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Cauldron Bubble by Heather

Well jars actually, because this blog is about fermented foods.

Humans have been pickling and fermenting fruits and vegetables to prolong their usefulness for thousands of years. Every day, possibly without realising it, we ingest fermented food such as wine, tea, cheese, bread and chocolate, all of which are made using different fermentation processes.

So what is fermenting enchantment? Fermentation encourages the growth and life cycle of good bacteria to transform the flavour and shelf life of ingredients. All vegetables are covered in the good bacteria lactobacillus and, when sliced, grated and squeezed with salt, they release their juices, which mingles with the salt to create a brine. Once contained within this briny environment, lactobacillus multiplies and begins to break down the ingredient, digesting the natural sugars and transforming them into lactic acid, which creates the tangy flavour and a sour environment that keeps the growth of nasty bacteria at bay.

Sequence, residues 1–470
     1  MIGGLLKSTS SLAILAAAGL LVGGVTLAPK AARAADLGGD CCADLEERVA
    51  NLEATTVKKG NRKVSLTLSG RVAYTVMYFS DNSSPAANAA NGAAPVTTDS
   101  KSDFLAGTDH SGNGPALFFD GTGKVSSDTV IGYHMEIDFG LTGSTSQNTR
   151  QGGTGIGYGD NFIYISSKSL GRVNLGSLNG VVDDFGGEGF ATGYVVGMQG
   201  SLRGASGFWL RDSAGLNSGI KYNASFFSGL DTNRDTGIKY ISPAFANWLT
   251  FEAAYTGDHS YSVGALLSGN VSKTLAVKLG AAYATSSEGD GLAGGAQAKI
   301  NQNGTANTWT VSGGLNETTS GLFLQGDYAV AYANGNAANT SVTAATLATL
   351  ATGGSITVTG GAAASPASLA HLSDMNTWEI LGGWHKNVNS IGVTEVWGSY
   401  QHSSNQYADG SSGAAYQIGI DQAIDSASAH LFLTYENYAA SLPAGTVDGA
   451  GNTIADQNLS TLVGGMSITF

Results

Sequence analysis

The health benefits of fermented foods which have and are being investigated are -

The probiotics produced during fermentation can help restore the balance of friendly bacteria in your gut and may alleviate some digestive problems.

The bacteria that live in your gut have a significant impact on your immune system. Due to their high probiotic content, fermented foods may reduce your risk of infections like the common cold.

Fermentation helps break down nutrients in food, making them easier to digest.

A few studies have linked the probiotic strains Lactobacillus Helveticas and Bifidobacterium longum to a reduction in symptoms of anxiety and depression.

Some studies have found links between certain probiotic strains and weight loss.

Fermented foods have been associated with a lower risk of heart disease.

The most important thing is that your jars need to be sterilised. You can run them through the hottest setting of your dishwasher, but some domestic washers don’t wash at a high enough temperature, so if you want to be really sure your jars are sterilised, dry them in an oven.

To sterilise them, heat oven to 180C/160C fan/gas 4.